Washington (CNN) –Two days before the midterm elections, a new national poll indicates that Republicans have a 10-point lead over the Democrats in a crucial indicator in the battle for control of Congress.
The GOP's 10 point advantage in the "generic ballot" question in a CNN/Opinion Research Corporation national survey released Sunday is slightly larger than the seven point advantage Republican candidates had on the eve of the 1994 midterms, when the party last took control of Congress from the Democrats.
"But unlike 1994, when polls indicated the public had a positive view of the Republican party, a majority of Americans now do not have a favorable view of the GOP," says CNN Polling Director Keating Holland.
Full results (pdf)
According to the poll, 52 percent of likely voters say they will vote for the generic Republican in their congressional district, with 42 percent saying they will vote for the generic Democrat, four percent saying neither and two percent undecided. The GOP's 10-point lead is up from a seven-point advantage in a CNN poll conducted in early October.
The overwhelming majority of Democrats questioned in the survey say they'll vote for the Democrat in their district, with the overwhelming majority of Republicans saying they'll cast a ballot for the GOP candidate. Fifty-five percent of independents say they'll vote for the Republican candidate, with 32 percent saying they'll cast a ballot for the Democrat. The support of independent voters was a crucial factor in the strong showing by Democrats in the 2006 and 2008 elections.
"Six in ten suburban voters say they plan to vote for the Republican candidate for the U.S. House on Tuesday,” says CNN Polling Director Keating Holland. “That's not good news for the Democrats since most of the seats in play are in suburban districts."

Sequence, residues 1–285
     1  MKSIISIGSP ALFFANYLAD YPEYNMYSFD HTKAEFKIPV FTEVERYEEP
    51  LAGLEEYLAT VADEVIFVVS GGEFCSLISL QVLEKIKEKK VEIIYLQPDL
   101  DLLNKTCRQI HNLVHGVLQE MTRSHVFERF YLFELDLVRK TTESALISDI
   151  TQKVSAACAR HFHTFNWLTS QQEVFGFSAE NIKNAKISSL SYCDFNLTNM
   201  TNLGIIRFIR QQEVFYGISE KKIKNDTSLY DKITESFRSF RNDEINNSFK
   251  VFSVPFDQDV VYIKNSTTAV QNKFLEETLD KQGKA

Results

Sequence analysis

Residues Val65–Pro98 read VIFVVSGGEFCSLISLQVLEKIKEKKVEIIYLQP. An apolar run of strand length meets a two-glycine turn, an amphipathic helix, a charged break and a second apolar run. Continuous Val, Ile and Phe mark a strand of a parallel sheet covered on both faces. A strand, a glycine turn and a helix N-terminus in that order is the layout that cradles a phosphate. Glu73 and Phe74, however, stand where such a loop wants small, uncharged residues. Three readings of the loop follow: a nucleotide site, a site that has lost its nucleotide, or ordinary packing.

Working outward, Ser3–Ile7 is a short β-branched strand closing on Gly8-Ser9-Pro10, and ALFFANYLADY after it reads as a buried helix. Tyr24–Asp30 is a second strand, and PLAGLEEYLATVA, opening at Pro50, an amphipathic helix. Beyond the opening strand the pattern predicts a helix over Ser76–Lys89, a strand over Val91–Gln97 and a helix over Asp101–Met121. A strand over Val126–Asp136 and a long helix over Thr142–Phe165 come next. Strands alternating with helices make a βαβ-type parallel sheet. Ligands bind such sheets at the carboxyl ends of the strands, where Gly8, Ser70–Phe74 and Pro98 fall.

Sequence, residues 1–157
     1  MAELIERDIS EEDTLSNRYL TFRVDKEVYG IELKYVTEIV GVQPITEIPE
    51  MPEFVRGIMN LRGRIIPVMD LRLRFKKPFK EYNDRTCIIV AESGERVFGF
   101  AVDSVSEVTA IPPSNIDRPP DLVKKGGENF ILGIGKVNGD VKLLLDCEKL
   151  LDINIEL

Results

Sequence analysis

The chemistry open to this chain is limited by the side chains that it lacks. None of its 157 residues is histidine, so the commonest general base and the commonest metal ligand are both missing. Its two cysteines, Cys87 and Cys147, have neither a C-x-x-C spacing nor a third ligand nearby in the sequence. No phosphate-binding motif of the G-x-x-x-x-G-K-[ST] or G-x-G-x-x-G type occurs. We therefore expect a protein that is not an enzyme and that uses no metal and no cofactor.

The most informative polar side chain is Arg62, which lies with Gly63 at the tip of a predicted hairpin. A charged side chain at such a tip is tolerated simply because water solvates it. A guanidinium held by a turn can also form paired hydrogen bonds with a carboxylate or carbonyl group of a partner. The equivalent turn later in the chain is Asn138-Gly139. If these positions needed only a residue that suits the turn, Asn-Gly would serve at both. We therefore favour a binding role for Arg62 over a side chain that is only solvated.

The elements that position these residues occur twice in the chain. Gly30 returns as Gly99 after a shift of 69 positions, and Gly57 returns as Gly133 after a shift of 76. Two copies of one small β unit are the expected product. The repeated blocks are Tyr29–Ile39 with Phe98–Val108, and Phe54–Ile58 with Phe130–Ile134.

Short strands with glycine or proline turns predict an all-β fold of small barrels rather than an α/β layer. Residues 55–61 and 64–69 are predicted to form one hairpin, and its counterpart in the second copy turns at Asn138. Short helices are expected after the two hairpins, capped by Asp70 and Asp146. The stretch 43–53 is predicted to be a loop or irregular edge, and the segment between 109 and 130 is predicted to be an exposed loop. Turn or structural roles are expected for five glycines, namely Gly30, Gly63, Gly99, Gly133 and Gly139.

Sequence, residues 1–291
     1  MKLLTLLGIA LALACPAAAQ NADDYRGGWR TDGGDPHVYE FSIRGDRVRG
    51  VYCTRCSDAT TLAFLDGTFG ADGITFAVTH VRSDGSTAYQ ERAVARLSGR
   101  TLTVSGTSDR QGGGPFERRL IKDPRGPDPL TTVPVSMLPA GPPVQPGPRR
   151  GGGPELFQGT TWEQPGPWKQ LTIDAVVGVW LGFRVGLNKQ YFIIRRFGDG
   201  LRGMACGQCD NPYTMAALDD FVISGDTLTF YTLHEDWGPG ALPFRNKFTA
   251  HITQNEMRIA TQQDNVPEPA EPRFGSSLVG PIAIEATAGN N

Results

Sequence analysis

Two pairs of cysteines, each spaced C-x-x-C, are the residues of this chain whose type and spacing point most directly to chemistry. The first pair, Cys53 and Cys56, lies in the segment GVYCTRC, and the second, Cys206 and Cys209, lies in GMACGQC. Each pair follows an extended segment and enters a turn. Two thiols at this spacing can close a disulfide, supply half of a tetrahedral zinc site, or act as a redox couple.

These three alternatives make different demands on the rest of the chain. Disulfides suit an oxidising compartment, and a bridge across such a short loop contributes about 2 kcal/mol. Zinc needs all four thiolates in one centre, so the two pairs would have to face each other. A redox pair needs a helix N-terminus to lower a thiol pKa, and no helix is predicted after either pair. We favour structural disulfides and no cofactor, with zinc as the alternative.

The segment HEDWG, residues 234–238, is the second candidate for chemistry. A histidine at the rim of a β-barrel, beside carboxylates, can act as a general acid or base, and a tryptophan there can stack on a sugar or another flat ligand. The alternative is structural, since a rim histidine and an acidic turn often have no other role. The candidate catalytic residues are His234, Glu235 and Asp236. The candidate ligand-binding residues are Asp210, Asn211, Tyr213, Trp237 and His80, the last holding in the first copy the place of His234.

The generic ballot question asks respondents if they would vote for a Democrat or Republican in their congressional district, without naming any specific candidates. It is used by many polling organizations, including CNN/Opinion Research Corporation surveys. In the battle for control of Congress, the generic ballot is arguably the most watched polling indicator, but it should not be considered a one-for-all.
The survey indicates that 44 percent have a favorable view of the GOP, with 43 percent saying they hold an unfavorable view. Forty-six percent of the country has a favorable view of the Democratic Party compared to 47 percent with an unfavorable view.
The public is split on the limited-government Tea Party movement, with 37 percent seeing it in a favorable light and an equal amount viewing it in a negative way, and just over one in four undecided.
According to the poll, Americans like some Democrats and others, well, not so much. House Speaker Nancy Pelosi's favorable rating has dropped to a new low, just 26 percent, while a majority have a negative view of her. House Minority Leader John Boehner, the Republican who would most likely succeed Pelosi as House Speaker if the GOP wins back the chamber, is still an unknown quantity to most Americans. Nearly half questioned don't know him, and those who do are evenly divided.
President Barack Obama's favorable rating is 48 percent, down from 53 percent in September and 57 percent in April.
But not all Democrats are facing falling favorables. More than six in ten like the Clintons: Former President Bill Clinton gets a 63 percent favorable rating and Hillary Clinton is essentially tied with him at 62 percent.
A favorable rating is not a job approval rating. It's a measure of a person's personal popularity rather than an indicator of how that person is handling their duties in office.
The CNN/Opinion Research Corporation poll was conducted October 27-30, with 1,006 adult Americans, including 921 registered voters and 542 likely voters questioned by telephone. The survey's overall sampling error is plus or minus three percent, with a sampling error of plus or minus four percent for likely voters.
Check out CNN's new Polling Center, which provides the most comprehensive polling data covering national questions and the top 2010 election races of any news organization in the political landscape.
- CNN Deputy Political Director Paul Steinhauser contributed to this report